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The significance of sound


Life in the womb
Walter Murch Film-maker
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Prior to being born, I lived in the womb as we all do and as we all do, I experienced the world through sound. The sense of sound turns on, they think, about four-and-a-half months into your journey through the womb. So halfway through gestation, you begin to hear the world. Necessarily, the other senses are either completely absent or in a very diminished form. You can’t really see anything. You can’t really taste anything, except a kind of… I don’t know. Maybe in some form, you can say, I think mum had some garlic. You couldn’t feel anything. A kind of slippery, mushy feel. Certainly nothing like the high texture of everything else once you’re born. So we live in a… we are pickles in a brine of sound during our last four months. And now that we can do sonograms in real time of developing foetuses, we can see absolutely that the kid in the womb is responding in an intelligent way to sound. They, we know the sound of our mother’s voice. We know the sound of our mother’s heart and the sound of her trumpeting intestines at times and the womb, the wall is only that thick. So that’s really no barrier to outside sounds. So it’s a very rich, 24-hour a day sonic environment. It never stops making sound and it was only recently, amazingly enough, that curious scientists figured out a way to measure how loud that is for the developing child. And it turns out to be 75 decibels which is approximately the sound that you would get if you were travelling in a car at 60 kilometres an hour and you lowered the window. So this loud rush of sound which has these interesting data points of heartbeat and breathing and intestines that make interesting bugle sounds and human voice and other things.

Born in 1943 in New York City, Murch graduated from the University of Southern California's School of Cinema-Television. His career stretches back to 1969 and includes work on Apocalypse Now, The Godfather I, II, and III, American Graffiti, The Conversation, and The English Patient. He has been referred to as 'the most respected film editor and sound designer in modern cinema.' In a career that spans over 40 years, Murch is perhaps best known for his collaborations with Francis Ford Coppola, beginning in 1969 with The Rain People. After working with George Lucas on THX 1138 (1971), which he co-wrote, and American Graffiti (1973), Murch returned to Coppola in 1974 for The Conversation, resulting in his first Academy Award nomination. Murch's pioneering achievements were acknowledged by Coppola in his follow-up film, the 1979 Palme d'Or winner Apocalypse Now, for which Murch was granted, in what is seen as a film-history first, the screen credit 'Sound Designer.' Murch has been nominated for nine Academy Awards and has won three, for best sound on Apocalypse Now (for which he and his collaborators devised the now-standard 5.1 sound format), and achieving an unprecedented double when he won both Best Film Editing and Best Sound for his work on The English Patient. Murch’s contributions to film reconstruction include 2001's Apocalypse Now: Redux and the 1998 re-edit of Orson Welles's Touch of Evil. He is also the director and co-writer of Return to Oz (1985). In 1995, Murch published a book on film editing, In the Blink of an Eye: A Perspective on Film Editing, in which he urges editors to prioritise emotion.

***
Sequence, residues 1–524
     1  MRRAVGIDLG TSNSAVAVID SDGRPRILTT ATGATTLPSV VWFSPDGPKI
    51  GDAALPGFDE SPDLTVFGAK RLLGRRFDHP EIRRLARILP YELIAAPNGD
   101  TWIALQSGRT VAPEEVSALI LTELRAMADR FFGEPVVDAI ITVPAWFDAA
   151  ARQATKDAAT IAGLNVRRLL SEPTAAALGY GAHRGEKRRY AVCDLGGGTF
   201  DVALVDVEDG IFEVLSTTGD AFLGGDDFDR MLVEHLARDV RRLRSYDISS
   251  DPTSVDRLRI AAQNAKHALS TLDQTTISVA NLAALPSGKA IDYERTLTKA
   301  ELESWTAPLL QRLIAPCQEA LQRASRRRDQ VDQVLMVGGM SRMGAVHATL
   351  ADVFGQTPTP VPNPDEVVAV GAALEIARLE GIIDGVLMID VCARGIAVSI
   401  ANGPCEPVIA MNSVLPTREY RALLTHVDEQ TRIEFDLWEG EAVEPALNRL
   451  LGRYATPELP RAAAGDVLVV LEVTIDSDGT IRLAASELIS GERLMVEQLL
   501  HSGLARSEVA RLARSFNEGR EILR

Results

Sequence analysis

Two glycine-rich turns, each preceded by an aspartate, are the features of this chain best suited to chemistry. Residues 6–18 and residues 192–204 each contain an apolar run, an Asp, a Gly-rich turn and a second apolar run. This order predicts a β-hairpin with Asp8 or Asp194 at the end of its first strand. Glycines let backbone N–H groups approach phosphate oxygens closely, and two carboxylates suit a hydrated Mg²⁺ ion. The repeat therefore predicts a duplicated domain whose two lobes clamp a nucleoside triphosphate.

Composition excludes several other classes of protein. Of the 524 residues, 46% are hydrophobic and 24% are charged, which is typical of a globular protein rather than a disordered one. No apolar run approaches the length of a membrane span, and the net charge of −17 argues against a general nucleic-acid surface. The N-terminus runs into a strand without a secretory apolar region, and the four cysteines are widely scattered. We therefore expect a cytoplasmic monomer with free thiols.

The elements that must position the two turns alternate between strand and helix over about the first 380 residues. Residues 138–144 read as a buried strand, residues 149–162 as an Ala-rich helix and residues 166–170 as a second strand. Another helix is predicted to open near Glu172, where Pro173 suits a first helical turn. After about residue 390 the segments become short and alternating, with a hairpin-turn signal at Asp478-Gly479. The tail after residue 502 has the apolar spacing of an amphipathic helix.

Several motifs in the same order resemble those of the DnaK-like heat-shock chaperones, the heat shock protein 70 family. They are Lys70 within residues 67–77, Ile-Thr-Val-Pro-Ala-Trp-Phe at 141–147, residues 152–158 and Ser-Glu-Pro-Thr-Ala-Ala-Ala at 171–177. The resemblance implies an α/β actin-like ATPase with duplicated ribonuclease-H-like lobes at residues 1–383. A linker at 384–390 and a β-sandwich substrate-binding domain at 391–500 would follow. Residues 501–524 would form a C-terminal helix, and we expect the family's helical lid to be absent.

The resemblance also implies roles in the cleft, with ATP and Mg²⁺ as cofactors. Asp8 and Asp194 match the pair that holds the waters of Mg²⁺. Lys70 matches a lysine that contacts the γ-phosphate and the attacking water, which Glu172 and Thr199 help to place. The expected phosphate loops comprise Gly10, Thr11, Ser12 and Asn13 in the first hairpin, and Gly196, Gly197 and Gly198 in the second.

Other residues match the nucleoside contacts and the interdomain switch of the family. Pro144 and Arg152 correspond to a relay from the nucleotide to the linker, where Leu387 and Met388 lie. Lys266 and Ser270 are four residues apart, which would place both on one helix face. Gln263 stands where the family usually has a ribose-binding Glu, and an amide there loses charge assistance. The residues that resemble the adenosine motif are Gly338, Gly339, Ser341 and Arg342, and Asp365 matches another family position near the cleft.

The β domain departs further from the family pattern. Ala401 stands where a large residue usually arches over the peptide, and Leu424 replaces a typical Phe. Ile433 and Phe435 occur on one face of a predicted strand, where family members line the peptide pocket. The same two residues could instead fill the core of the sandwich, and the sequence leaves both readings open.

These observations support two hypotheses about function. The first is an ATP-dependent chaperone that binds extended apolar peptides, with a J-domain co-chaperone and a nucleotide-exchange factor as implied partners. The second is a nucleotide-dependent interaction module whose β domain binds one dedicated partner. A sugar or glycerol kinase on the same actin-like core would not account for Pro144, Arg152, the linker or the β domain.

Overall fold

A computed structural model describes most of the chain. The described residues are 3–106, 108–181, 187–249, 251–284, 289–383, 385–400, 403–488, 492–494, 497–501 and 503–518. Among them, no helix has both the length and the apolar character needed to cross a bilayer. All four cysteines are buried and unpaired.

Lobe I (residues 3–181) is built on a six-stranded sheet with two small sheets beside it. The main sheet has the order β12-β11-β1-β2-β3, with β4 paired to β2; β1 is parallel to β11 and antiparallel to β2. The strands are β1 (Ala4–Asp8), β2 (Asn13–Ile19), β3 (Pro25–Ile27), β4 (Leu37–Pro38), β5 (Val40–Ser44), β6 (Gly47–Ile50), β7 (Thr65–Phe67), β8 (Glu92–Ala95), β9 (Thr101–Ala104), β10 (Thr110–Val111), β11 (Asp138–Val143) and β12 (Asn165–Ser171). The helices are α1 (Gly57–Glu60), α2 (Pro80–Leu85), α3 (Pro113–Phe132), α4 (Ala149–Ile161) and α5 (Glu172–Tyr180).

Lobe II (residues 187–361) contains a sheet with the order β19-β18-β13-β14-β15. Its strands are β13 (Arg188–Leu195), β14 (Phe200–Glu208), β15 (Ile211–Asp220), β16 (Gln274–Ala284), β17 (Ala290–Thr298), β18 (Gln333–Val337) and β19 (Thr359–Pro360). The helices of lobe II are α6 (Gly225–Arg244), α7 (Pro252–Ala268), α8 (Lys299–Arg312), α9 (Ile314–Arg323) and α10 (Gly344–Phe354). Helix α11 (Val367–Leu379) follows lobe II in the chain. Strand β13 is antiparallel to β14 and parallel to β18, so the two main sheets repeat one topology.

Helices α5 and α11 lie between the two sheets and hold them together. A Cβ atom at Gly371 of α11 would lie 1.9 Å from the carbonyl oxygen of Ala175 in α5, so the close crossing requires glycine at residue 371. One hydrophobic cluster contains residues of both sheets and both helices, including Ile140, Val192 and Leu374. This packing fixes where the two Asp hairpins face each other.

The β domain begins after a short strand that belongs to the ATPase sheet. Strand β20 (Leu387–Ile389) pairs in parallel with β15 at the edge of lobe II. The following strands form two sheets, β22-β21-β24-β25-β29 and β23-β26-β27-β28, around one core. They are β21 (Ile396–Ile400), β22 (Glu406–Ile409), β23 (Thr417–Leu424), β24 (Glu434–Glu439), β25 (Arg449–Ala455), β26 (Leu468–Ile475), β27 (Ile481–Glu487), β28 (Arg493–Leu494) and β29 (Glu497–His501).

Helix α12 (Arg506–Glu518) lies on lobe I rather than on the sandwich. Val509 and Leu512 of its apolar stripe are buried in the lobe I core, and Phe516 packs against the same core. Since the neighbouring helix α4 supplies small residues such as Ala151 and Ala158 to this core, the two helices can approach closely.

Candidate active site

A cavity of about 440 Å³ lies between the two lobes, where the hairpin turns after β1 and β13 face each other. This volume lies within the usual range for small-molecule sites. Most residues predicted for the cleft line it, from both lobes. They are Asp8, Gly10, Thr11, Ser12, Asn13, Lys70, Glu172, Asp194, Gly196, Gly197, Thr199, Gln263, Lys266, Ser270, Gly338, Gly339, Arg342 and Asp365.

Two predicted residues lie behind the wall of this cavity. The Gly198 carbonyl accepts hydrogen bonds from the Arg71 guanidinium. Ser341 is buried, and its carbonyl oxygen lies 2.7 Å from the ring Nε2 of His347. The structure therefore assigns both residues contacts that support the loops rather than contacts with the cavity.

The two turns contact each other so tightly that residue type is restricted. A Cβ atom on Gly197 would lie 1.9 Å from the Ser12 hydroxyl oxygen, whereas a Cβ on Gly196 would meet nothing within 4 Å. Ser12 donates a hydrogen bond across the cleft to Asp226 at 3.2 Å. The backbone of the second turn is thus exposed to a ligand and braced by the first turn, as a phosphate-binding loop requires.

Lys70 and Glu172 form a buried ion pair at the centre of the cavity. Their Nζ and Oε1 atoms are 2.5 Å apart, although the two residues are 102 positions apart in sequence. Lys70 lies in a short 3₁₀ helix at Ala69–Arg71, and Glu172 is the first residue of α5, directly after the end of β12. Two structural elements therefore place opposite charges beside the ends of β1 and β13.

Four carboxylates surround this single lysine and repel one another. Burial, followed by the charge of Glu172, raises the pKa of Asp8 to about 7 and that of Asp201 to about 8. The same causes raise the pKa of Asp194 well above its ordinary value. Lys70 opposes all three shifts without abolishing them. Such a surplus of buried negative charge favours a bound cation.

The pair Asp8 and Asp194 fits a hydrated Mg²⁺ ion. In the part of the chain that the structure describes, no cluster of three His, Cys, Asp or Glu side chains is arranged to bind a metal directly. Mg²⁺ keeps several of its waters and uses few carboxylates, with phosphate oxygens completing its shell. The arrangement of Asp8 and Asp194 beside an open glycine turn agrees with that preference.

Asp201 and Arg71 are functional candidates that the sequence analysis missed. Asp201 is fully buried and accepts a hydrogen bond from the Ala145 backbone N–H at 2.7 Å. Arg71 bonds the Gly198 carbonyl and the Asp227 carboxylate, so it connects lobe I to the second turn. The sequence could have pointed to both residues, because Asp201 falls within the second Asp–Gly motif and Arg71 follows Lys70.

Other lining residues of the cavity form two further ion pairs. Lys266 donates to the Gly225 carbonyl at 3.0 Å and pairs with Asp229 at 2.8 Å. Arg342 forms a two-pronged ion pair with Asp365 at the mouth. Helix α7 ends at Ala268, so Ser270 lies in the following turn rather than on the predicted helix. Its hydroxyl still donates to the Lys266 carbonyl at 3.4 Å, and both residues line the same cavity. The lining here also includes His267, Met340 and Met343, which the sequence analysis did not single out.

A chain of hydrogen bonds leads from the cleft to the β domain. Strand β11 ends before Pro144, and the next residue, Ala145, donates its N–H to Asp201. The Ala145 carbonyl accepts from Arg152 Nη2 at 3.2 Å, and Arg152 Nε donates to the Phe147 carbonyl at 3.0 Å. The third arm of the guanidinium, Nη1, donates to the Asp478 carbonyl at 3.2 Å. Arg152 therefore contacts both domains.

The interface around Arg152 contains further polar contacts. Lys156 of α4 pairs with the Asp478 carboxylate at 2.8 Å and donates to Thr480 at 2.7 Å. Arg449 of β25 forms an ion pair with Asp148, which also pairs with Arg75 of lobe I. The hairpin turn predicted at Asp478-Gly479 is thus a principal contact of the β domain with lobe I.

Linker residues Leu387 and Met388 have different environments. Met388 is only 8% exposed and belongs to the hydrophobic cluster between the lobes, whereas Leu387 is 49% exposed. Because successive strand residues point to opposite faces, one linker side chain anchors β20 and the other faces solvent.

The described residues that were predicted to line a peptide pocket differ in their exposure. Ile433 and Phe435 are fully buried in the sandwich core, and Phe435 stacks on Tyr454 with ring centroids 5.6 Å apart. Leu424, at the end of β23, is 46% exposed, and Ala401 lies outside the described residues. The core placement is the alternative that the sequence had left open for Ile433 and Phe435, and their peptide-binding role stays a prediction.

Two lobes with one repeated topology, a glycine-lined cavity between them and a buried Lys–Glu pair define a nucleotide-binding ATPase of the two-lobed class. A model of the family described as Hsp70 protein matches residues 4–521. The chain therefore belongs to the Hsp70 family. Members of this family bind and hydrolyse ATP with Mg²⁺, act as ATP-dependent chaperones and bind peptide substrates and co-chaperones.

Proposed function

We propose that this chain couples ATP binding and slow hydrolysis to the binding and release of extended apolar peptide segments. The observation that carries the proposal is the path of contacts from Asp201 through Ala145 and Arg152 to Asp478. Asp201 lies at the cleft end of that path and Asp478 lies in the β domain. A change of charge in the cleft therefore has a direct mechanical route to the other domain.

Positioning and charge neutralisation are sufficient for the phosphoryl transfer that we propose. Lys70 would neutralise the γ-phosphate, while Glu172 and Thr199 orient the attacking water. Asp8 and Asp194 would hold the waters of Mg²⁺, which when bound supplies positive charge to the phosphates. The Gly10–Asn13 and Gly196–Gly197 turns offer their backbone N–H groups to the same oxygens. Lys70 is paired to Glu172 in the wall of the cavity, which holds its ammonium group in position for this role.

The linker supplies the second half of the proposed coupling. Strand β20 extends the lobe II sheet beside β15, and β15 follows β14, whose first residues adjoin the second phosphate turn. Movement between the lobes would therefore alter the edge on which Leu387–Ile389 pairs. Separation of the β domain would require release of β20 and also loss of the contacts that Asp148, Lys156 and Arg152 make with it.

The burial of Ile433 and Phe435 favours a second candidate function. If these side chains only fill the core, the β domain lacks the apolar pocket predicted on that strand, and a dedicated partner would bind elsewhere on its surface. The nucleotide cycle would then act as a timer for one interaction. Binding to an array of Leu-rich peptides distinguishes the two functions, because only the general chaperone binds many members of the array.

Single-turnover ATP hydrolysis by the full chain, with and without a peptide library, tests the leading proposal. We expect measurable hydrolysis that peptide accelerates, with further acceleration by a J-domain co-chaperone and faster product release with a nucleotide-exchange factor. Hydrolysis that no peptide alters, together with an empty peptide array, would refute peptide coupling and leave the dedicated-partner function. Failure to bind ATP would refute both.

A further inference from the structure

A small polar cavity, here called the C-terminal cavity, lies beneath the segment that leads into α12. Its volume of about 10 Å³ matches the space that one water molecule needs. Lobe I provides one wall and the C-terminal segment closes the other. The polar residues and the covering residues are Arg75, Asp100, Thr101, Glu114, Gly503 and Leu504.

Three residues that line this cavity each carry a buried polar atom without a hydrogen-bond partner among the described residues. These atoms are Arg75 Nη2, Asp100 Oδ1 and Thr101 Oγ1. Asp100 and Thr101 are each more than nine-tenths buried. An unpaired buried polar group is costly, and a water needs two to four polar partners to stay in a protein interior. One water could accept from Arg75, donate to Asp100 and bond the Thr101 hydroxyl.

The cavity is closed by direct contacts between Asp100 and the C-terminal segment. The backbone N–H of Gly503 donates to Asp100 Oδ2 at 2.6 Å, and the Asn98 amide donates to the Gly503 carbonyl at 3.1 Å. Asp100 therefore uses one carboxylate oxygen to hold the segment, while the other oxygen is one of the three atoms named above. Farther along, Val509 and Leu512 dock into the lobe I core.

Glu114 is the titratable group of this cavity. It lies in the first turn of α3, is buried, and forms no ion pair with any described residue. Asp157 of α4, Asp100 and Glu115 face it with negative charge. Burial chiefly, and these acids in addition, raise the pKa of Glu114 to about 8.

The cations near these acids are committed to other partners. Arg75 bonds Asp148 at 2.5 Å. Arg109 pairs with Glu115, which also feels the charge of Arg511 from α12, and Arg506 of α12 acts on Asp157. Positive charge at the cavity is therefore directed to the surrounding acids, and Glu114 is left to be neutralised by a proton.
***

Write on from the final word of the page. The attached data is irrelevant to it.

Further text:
Listeners: Christopher Sykes

Christopher Sykes is an independent documentary producer who has made a number of films about science and scientists for BBC TV, Channel Four, and PBS.

Tags: womb, sound, senses, voice, heartbeat, intestines, baby, mother

Duration: 2 minutes, 40 seconds

Date story recorded: April 2016

Date story went live: 01 March 2017